In the past month, stories have reported a two-month conversion course and a five-month course; a Reform conversion and a Conservative conversion; a rabbi being involved, and a rabbinic intern. In several stories based on interviews with Salazar she says she did not complete the course, and in one she says completed all the requirements. Three stories describe the course as having taken place in 2012, and one “in mid- to late 2013.”

Today, Salazar chalks up this scatter-plot graph of a biographical tale to being a first-time candidate. “I was naive about the need to solidify messaging,” she said. “It is a bit naïve, right. It sounds naïve. It’s a little embarrassing. But when I sought to run for state senate I thought I was just running on policies and certainly my record as an advocate, but didn’t give a lot of thought to where I was born or just verifying the details about my biography.”

I called Salazar to talk about the genealogical report on her family’s history in Colombia, which she now readily acknowledges is not the source of her religious faith, just the inspiration for exploring it. “To be clear, this genealogy does not make me Jewish,” she said. “I’m Jewish because I committed to practicing Judaism in college and went through a conversion.”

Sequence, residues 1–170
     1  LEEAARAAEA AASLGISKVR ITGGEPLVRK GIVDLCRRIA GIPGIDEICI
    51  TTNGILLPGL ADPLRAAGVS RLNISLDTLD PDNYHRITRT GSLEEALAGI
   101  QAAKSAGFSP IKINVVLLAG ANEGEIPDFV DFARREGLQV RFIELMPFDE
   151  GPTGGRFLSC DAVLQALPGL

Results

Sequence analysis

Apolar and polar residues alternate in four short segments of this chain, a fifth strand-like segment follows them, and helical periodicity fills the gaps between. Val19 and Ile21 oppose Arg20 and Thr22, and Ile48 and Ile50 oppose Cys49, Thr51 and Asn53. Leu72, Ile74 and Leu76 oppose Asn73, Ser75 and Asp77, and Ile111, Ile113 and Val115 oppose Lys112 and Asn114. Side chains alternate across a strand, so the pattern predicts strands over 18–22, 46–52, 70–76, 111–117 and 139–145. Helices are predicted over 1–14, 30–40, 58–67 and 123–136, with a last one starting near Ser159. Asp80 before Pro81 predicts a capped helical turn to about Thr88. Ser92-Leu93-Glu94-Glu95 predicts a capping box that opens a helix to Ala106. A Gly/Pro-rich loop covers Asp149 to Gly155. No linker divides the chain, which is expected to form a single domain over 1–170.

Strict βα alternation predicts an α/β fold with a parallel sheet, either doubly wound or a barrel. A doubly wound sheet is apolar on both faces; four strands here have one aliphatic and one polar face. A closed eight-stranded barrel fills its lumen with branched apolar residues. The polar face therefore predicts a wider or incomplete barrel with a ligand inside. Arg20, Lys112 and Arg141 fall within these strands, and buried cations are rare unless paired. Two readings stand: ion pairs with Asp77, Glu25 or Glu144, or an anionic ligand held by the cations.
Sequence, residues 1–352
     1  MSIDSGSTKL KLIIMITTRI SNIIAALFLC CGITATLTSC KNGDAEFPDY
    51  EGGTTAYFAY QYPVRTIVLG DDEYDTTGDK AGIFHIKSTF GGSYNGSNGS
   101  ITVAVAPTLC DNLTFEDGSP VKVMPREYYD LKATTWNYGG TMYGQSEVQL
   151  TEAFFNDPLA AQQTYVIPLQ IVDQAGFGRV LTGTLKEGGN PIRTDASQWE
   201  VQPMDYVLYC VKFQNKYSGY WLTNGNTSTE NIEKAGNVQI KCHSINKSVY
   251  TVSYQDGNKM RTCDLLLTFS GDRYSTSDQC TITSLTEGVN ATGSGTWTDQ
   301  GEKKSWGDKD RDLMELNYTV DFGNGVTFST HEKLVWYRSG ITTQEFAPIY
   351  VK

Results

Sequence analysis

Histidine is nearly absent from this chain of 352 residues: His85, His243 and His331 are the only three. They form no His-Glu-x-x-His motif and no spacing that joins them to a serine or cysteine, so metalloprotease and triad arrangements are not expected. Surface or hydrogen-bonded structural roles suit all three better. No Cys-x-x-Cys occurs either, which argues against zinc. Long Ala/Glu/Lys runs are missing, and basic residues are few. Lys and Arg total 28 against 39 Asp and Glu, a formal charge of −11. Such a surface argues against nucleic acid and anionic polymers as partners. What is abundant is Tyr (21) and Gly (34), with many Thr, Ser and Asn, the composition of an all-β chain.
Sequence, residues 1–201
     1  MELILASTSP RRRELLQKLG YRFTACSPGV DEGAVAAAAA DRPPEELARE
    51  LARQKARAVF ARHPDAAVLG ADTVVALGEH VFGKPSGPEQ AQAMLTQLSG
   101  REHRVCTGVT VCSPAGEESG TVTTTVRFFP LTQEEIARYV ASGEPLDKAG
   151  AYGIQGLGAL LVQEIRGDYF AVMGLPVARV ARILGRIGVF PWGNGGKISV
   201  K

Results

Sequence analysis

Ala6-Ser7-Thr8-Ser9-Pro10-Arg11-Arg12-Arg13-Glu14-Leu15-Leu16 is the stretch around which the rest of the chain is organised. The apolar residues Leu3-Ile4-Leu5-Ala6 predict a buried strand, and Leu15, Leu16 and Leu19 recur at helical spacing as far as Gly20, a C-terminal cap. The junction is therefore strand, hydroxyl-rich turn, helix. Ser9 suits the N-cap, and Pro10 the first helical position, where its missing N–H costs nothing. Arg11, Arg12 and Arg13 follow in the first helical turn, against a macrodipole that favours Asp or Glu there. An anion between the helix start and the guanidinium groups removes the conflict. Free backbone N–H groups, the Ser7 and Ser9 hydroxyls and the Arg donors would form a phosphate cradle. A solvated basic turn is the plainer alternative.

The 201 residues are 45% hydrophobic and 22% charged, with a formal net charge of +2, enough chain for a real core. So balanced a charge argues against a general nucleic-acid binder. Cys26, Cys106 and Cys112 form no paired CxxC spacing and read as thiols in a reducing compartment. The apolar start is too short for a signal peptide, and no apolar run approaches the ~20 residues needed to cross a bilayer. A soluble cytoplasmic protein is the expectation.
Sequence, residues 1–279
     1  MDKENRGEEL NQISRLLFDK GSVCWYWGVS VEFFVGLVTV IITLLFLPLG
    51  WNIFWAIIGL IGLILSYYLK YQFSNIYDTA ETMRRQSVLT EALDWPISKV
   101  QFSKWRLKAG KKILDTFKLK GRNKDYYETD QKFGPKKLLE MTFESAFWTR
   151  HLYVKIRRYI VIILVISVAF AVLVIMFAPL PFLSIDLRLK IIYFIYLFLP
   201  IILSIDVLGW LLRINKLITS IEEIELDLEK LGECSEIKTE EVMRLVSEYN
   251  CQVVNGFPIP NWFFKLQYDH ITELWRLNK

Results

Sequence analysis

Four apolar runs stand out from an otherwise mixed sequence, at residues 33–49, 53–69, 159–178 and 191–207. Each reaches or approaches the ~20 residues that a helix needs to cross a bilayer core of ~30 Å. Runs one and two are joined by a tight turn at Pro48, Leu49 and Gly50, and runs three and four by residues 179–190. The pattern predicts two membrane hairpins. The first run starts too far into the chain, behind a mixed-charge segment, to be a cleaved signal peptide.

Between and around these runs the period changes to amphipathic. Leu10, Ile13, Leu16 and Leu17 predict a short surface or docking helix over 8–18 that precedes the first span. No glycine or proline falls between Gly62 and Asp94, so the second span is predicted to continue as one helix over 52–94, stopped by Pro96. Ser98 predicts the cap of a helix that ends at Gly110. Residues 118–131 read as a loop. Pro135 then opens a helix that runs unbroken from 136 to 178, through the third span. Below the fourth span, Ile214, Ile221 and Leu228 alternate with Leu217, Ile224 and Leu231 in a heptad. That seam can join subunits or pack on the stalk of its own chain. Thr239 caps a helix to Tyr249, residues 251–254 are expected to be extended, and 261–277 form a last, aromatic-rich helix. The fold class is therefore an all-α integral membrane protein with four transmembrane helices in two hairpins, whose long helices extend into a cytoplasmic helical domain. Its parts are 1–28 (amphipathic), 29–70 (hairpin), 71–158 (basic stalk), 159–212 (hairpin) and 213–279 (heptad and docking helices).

Given the conflicting reports about that conversion, I wanted to make sure I understood what had actually happened: “You did a Reform conversion with the beit din and the whole thing?”

“Yes,” she replied.

The process of conversion to Judaism is obscure to both outsiders and even many Jews, as it does not happen that frequently and often takes place within the context of marriage. The process culminates with a beit din — a religious court made up of either three rabbis or a rabbi and two learned members of the community, depending on the denomination, and a document usable for proving Jewishness to rabbis for the purpose of having them officiate future life-cycle events, like weddings.

Rabbi Hara Person, the chief strategy officer for the Central Conference of American Rabbis, the professional association of Reform rabbis, describes the process as extensive.

“Conversion involves study with a rabbi, usually also a class that could be anywhere from 20 weeks to a 32-week class. It depends on where you are in the country. But it definitely involves rigorous study,” Person said. “For many rabbis it involves going to the mikvah. It involves generally writing some kind of a statement about your personal Jewish identity. It’s a long and involved and rigorous process.”